In the new comedy Fist Fight, a just-okay sketch idea that somehow bumbled its way into feature production, Ice Cube plays Mr. Strickland, a history teacher at a high school that’s going down the tubes. On the last day of the year the annual senior pranks are in full flow, the administration is going through payroll with butcher knives and he’s stuck trying to teach kids about the Civil War with a crappy VHS player. Finally pushed over the edge, Strickland goes for a student’s desk with a fireaxe and lands himself in front of the harried, impatient principal (Breaking Bad‘s Dean Morris), with Charlie Day’s pushover Mr. Campbell as witness. Buckling under the pressure and anxious about job security, Campbell rats out his colleague, who doesn’t take the betrayal and firing well, challenging the Benedict Arnold to an old-fashioned brawl in the school car park at the end of the day.
Pushed for motivation behind the projected ass-beating, Strickland rails against participation trophy culture and the faculty’s acceptance of gradually diminishing standards. Frustrated and out of fucks, and championing a philosophy of “no free periods”, he insists that someone, anyone, be held accountable for their actions. But what about Fist Fight, which is the studio comedy equivalent of one long free period? Who will be held accountable for this?
Fist Fight is a movie built entirely around the conceit that Ice Cube glowering at the camera is hilarious. The man is asked to glower a lot. He mashes his eyebrows and cocks his head and spends a lot of time pointing at people and telling them what he’s going to do to them, principally the weedy, repressed Campbell, who reacts to the threats with Day’s trademark stammering, high-pitched bafflement. The back-and-forth routine gets recycled a few times. Director Richie Keen, who has worked with Day on It’s Always Sunny, and screenwriters Van Robichaux and Evan Susser, are all first-timers, and it shows in the thinness of the material.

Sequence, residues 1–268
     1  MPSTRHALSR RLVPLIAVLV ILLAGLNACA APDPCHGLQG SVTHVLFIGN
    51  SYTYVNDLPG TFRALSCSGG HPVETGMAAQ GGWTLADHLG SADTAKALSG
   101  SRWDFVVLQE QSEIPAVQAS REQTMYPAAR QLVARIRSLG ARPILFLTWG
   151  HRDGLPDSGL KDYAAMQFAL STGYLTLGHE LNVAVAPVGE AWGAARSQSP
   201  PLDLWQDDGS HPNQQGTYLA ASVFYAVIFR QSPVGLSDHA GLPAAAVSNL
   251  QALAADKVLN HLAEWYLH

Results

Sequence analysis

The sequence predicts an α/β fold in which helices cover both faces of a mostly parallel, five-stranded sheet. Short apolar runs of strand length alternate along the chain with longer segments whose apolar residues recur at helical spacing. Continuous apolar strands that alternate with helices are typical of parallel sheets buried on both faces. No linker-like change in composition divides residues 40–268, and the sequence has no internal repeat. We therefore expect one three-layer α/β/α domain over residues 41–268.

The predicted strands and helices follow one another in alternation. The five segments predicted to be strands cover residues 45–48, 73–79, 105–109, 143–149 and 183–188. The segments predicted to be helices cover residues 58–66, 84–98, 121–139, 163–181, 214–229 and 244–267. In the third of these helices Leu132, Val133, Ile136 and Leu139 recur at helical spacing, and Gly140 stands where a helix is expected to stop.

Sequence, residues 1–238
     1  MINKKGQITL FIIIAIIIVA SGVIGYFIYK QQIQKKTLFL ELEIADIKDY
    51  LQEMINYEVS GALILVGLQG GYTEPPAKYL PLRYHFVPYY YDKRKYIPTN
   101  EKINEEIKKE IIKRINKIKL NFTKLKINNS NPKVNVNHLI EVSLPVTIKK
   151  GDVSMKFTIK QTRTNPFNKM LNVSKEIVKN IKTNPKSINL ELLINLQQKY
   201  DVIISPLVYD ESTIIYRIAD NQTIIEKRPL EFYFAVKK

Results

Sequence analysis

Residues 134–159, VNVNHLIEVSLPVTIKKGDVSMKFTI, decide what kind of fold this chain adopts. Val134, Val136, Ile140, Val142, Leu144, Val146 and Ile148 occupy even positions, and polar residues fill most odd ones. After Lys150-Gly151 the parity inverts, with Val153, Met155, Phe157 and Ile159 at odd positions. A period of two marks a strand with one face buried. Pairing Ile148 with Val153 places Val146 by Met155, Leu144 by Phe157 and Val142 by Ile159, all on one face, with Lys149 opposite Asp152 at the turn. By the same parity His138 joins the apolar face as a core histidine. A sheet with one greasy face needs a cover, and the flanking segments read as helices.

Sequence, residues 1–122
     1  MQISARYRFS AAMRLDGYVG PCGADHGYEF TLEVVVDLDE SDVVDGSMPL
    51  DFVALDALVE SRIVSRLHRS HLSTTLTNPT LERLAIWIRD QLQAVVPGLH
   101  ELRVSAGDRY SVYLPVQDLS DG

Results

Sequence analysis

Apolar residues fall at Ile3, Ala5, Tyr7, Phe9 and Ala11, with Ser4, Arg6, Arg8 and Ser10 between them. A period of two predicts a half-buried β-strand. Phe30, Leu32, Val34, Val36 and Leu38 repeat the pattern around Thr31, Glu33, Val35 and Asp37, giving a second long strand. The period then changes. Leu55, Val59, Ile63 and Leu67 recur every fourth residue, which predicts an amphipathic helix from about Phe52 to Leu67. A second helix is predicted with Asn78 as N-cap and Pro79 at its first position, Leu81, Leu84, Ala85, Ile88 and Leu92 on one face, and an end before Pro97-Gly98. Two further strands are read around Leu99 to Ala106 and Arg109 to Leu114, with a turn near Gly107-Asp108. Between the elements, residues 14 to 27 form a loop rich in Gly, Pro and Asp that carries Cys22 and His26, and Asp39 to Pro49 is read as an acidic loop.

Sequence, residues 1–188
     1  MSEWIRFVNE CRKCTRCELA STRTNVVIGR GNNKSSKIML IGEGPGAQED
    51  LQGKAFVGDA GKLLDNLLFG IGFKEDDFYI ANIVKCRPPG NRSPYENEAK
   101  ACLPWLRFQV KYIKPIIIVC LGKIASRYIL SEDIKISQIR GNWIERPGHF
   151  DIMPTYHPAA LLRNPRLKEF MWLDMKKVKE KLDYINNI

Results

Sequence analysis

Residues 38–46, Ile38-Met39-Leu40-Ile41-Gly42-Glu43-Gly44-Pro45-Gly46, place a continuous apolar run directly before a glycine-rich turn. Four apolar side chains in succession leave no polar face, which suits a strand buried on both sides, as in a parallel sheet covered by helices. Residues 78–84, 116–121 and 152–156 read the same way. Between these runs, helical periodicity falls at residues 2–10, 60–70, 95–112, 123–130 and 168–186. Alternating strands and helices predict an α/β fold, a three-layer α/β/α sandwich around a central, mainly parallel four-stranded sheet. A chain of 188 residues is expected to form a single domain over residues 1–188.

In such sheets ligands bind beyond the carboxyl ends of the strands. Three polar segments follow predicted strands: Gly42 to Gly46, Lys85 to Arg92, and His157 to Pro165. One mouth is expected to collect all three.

This movie has coasting C-student written all over it. Other faculty members are played by game performers but aren’t challenged to do anything surprising. 22 Jump Street‘s Jillian Bell is a sex-obsessed teacher who says outrageous things. Silicon Valley‘s Kumail Nanjiana, as the campus security guard, does that clipped delivery he’s good at. Tracy Morgan, fun to see on the big screen and obviously riffing a fair bit, gets some very Morgan-ish outbursts as the failing football coach. Dean Norris glares and shouts. Sticking to the teachers-are-psycho gags, we have Christina Hendricks passing Strickland a switch blade and telling him to slice Campbell’s face straight down the middle. Pause for reaction. “Damn that bitch is crazy!”
The 15 certificate allows a more liberal use of profanity than most studio fodder, concentrated on Strickland’s daughter’s talent show rendition of Big Sean’s “I Don’t Fuck With You”, which is sort of funny in a bracing way. But everything else is safe and predictable. Kids mow a big dick shape on the football field, with chalk lines for cum streaks. Someone else draws a dick on a whiteboard. A kid jerks off in a bathroom stall and doesn’t stop when Campbell catches him. People give other people the middle finger. Eventually, obviously, Campbell learns lessons about how to stand up for himself and his family, the whole experience unfolding with the clockwork whatever of a bland lesson plan. Conor Smyth